Today I felt for a moment like things were going OK. My income is slightly more secure, I'm good at my job, I'm in a good relationship, I like my house and my cat, my car is OK, my finances are OK, my health is OK... things are alright. I don't see too many ways in which everything's going to fall apart at the moment. If everything goes ahead as it should, then I don't have any horrible unpleasantness to face for a couple of months, which is good. Some challenges on the horizon for the autumn, including the usual horrible situation where I'll be needing a holiday but my income won't be secure - it really spoils a holiday having uncertainty about employment and money.

Lots of work to do at the moment, which is what I want because I like to keep my mind occupied, but I do want to keep myself on a sustainable and healthy footing. I don't want to burn myself out, or indeed make myself redundant. I often blaze through all my work and am left with nothing to do, feeling horribly bored and dreading having to look busy.

So, I have the opportunity to work and to live, but I need to look after myself.

I'm off to do leisure activities now, which is very nice.

 

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My Dream Holiday In Pictures

6 min read

This is a story about ludicrous luxury...

Bay

The adventure began in South Africa. I don't have any pictures of Johannesburg or the dreary wet day of my 40th birthday, but here is a picture of a nice bay south of Cape Town, from an epic road trip. Table Mountain is stunning, of course. The scenery was dramatic.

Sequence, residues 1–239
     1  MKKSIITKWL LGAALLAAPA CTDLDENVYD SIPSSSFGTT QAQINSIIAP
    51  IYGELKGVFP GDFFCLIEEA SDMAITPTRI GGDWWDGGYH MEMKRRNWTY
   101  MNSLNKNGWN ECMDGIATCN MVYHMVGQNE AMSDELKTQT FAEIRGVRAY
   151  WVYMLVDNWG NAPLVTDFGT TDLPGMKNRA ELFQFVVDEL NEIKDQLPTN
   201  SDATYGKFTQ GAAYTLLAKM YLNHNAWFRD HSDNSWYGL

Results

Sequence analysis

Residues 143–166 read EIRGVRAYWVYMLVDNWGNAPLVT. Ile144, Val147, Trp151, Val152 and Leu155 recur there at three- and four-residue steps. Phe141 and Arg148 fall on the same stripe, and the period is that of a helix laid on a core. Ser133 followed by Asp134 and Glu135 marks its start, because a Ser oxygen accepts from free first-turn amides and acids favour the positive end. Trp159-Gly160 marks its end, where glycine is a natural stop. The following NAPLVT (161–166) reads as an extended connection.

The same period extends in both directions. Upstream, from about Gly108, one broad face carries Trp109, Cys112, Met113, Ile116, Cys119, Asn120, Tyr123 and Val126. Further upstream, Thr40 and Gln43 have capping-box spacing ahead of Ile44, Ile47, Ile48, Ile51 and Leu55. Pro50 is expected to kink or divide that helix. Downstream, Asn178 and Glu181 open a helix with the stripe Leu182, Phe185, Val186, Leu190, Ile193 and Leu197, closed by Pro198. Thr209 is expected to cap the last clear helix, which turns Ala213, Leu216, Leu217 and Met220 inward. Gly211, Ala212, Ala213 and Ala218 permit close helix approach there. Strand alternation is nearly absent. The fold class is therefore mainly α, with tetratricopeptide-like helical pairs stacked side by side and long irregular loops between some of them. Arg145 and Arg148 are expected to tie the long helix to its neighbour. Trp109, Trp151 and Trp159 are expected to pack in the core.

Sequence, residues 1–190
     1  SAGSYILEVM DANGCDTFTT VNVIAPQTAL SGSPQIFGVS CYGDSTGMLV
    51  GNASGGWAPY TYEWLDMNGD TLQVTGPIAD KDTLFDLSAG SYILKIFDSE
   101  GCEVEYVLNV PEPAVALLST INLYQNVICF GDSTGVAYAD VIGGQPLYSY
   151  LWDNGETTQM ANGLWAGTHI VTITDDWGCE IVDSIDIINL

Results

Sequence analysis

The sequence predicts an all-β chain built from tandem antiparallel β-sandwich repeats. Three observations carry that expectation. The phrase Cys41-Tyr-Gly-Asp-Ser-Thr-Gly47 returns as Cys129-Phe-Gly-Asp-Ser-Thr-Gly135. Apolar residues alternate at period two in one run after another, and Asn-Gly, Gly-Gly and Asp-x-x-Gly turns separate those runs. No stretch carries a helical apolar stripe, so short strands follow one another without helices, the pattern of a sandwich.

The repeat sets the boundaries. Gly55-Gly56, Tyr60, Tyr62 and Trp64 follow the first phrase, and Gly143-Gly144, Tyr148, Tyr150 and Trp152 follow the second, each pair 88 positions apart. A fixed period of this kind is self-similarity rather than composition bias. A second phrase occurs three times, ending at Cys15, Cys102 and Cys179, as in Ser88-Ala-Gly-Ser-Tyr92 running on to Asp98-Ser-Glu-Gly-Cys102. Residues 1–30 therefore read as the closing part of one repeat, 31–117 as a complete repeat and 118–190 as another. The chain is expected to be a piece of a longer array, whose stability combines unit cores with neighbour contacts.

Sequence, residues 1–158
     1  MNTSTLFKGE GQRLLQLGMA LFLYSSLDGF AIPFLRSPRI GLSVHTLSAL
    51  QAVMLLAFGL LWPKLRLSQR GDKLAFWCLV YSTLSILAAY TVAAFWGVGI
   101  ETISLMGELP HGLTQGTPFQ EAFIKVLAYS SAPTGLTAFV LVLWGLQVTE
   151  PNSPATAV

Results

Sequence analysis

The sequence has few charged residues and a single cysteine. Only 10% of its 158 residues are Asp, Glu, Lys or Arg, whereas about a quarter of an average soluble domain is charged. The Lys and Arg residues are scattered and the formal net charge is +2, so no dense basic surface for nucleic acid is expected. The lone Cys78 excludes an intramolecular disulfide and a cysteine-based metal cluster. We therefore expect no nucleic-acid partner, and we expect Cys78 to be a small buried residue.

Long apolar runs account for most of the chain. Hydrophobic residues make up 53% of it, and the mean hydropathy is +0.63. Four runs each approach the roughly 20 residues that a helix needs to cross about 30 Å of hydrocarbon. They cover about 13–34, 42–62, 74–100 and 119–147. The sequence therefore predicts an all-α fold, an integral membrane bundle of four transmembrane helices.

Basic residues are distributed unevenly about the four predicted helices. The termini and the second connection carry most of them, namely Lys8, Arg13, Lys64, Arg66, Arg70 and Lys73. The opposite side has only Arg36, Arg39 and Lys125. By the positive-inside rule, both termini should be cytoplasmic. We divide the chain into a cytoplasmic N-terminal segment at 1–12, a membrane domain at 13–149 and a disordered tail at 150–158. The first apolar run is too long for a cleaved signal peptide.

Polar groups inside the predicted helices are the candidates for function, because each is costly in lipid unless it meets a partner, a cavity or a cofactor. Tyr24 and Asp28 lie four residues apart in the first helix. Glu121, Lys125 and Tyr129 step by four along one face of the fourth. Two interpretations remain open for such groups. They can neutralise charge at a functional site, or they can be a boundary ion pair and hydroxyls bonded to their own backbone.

Compass House

It seems kinda vulgar and a little boring to show the inside of luxury boutique hotels rather than the sightseeing, but the holiday was supposed to be about relaxation and self-indulgence. It cost me a heap of cash, so why shouldn't I re-live a little of the pleasant places which I stayed? This place was on the steep cliffs in Cape Town, looking out to sea.

Wine Region

It was winter and it was quite chilly at night in the wine region of South Africa. I certainly wasn't going to go swimming but the missus went in the pool for the sake of an Instagram shot.

Breakfast

There's the birthday boy (i.e. me). Breakfast was incredible. I wish I took more photos at this place. The decor was amazing.

Feet up

In the Eastern Cape on safari. Loved the mosquito netting. There was floor-to-ceiling glass on all sides of this little thatched-roof lodge and I really enjoyed having my feet up on this big bed.

Bathtime

There were really great bath tubs with fantastic views at a few places we stayed, but this was probably the best. Felt surprisingly private and secluded, despite being so exposed. This safari lodge was so beautiful, with all the lovely wood.